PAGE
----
China considers amending law to boost small, medium-sized firms

China’s top legislature is considering amending a 2003 law that supports small and medium-sized businesses, according to a statement released Monday.

The revised draft was submitted to legislators for its first reading at the bimonthly session of the National People’s Congress (NPC) Standing Committee, which began Monday and will run until Nov. 7.

According to the statement, released by the NPC Financial and Economic Affairs Committee, the law has helped boost growth in the small and medium-sized business sector.

By the end of 2015, the majority of the country’s 21.9 million registered enterprises were small and medium-sized businesses, according to government data. In industry, for example, small and medium-sized businesses accounted for about 99.6 percent of all firms.

However, the statement pointed out that the current law is not specific about supporting policies and not easy to implement.

In order to create a better legal environment for small and medium-sized firms, especially small and micro-businesses, to grow, the current law should be revised, it said.

Small and medium-sized businesses, most of which lag behind in technology and with risk management, have felt the pinch from downward pressure in the economy in recent years, according to the statement.

It added that increased production costs and contracted profits were threatening the survival and development of such businesses.


According to an online survey conducted by the group which drafted the revision in 2014, about 43 percent of respondents said they had difficulties in financing.

A report produced by the group said small and micro-sized firms found it difficult to get loans because most of them lacked mortgages that were recognized by banks.

Even if they could obtain loans, procedures were complicated and time-consuming, according to the report.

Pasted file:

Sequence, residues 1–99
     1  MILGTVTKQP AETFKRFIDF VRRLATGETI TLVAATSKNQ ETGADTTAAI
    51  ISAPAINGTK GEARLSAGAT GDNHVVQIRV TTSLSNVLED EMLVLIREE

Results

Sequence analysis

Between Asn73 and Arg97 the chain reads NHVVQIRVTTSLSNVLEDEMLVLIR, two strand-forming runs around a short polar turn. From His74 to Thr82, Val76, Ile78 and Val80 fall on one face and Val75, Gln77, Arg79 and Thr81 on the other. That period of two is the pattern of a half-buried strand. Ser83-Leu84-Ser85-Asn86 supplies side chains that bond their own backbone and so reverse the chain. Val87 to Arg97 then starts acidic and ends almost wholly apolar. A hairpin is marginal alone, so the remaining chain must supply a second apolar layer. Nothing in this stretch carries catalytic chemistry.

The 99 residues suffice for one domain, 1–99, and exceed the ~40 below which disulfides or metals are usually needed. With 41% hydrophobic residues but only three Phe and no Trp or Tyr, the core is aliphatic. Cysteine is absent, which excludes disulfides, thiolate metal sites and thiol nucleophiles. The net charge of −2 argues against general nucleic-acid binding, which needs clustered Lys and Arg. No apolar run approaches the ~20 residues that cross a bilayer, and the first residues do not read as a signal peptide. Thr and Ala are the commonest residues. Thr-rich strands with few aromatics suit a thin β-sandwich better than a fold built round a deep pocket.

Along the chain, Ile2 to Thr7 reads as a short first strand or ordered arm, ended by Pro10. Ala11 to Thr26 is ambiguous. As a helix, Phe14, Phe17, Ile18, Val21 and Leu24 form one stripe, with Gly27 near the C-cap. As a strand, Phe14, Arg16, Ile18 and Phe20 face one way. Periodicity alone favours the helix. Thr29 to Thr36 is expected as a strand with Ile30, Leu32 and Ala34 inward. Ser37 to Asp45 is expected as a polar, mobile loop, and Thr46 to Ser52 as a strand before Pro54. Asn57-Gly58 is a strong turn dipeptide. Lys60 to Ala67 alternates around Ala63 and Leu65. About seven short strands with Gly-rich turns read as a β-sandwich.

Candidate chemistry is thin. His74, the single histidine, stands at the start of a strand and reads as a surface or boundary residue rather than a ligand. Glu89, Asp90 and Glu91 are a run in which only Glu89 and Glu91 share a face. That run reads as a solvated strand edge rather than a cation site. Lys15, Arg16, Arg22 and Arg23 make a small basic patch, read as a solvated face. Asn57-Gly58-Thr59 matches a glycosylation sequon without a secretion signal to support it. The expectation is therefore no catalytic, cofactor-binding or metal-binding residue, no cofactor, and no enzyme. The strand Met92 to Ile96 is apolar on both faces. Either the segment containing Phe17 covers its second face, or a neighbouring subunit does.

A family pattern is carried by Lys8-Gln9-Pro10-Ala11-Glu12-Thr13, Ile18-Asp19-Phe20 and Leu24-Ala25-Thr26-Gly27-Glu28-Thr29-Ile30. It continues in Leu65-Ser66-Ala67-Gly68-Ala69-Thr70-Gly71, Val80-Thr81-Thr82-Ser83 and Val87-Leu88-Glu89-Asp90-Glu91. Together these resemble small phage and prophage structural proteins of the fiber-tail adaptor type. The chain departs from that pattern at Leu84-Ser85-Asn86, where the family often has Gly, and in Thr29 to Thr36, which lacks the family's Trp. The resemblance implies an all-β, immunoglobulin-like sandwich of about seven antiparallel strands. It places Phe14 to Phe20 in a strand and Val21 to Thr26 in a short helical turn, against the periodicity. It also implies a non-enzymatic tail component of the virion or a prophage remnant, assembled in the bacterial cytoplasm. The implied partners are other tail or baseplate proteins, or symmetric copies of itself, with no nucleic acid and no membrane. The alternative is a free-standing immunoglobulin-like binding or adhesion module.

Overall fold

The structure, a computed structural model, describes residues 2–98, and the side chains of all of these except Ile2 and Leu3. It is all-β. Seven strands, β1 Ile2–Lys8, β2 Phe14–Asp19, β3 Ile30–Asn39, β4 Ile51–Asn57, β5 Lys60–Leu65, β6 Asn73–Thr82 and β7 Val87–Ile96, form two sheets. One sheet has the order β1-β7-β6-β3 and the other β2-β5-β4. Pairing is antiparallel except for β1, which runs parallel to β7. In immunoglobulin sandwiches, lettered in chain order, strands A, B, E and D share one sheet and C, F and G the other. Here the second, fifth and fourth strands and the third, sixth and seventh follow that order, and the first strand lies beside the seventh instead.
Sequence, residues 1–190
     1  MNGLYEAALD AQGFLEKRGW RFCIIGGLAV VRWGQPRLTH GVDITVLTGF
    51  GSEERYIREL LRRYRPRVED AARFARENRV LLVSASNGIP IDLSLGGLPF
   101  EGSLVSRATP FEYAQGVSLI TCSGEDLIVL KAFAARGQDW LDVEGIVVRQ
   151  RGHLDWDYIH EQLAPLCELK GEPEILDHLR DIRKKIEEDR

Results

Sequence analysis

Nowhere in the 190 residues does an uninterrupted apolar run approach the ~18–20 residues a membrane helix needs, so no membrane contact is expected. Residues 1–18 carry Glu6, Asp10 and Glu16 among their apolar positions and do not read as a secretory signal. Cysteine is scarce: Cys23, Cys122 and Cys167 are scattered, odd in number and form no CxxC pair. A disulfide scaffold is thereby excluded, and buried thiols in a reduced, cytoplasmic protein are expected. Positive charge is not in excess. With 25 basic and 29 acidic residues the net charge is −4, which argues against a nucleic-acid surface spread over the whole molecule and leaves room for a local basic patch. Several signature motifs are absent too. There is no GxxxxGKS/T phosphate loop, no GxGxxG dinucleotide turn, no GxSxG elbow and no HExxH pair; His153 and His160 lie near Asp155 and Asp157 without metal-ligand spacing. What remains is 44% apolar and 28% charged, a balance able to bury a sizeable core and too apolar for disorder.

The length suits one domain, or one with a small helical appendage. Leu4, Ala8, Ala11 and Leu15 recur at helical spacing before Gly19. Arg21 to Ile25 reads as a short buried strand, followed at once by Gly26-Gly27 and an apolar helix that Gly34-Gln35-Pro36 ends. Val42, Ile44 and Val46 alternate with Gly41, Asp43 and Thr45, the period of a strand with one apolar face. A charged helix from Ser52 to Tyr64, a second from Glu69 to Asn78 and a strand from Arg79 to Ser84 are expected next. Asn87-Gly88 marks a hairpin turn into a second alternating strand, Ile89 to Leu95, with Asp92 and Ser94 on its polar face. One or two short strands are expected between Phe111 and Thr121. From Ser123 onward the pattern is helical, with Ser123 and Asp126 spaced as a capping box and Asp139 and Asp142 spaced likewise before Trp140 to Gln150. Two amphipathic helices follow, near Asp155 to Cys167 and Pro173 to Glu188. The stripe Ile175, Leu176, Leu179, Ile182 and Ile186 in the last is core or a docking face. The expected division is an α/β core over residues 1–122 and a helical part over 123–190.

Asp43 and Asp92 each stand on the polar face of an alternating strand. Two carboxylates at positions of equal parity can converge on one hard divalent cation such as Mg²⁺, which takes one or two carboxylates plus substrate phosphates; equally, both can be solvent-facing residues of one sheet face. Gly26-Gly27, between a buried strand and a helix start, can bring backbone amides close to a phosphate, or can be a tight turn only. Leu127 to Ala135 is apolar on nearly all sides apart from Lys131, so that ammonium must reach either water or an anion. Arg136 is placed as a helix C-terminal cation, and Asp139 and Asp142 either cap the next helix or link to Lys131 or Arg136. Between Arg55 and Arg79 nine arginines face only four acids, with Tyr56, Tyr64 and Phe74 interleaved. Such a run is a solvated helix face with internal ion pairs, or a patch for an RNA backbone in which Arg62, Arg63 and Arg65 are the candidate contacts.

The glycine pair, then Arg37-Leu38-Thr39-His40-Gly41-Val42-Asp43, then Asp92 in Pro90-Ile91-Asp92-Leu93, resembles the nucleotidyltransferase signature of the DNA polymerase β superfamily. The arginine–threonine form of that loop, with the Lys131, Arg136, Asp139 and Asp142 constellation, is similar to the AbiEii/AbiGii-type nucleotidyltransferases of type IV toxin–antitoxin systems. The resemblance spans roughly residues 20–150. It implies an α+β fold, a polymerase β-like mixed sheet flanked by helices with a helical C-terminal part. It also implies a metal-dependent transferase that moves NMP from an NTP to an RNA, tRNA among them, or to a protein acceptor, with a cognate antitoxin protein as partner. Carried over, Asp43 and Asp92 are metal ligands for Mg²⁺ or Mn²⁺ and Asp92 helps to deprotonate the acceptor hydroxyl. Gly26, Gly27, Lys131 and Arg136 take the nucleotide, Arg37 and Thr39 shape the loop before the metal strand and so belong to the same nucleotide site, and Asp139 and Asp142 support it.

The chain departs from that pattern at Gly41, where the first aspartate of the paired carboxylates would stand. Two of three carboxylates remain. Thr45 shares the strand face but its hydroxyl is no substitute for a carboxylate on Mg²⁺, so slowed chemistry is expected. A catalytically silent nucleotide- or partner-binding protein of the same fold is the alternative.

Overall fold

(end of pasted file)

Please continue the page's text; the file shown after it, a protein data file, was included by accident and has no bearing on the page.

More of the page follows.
Meanwhile, many small and medium-sized firms were troubled by employment issues, including difficulties in recruiting skilled workers and rising labor costs.

In addition, multiple taxes and fees, and disturbances from government authorities, including various examinations and meetings, were also among factors hindering such businesses, the report said.

According to the report, a total of 18 departments are collecting fees from small and medium-sized firms. In one case, a firm in Guangdong Province said it had to pay about 6 million yuan (about 886,000 U.S. dollars) in taxes and fees each year, while its net profit only stood at 1 million.


Defining the boosting of growth in small and medium-sized firms as a long-term development strategy, the revised draft aims to realize equal rights, rules and opportunities for all firms.

“The nation will proactively support small and medium-sized firms, especially small and micro-businesses, ” it said, adding that efforts would be made to help them grow in a healthy way.

The draft offers favored tax policies to lower the burden on small and micro-businesses.

It also aims to stimulate financial institutions to work effectively and fairly for such businesses.

An array of measures are laid out in the draft, including expanding the scale of financing for small and micro-businesses and providing financial services catering to such businesses.

The draft states that the value of products bought from small and medium-sized firms should account for at least 30 percent of the total annual government procurement budget.

Efforts should be made to improve procedural transparency and efficiency when small and medium-sized firms seek to protect their rights, according to the draft.

It also allows small and medium-sized firms to claim compensation for delays in payments from large enterprises.

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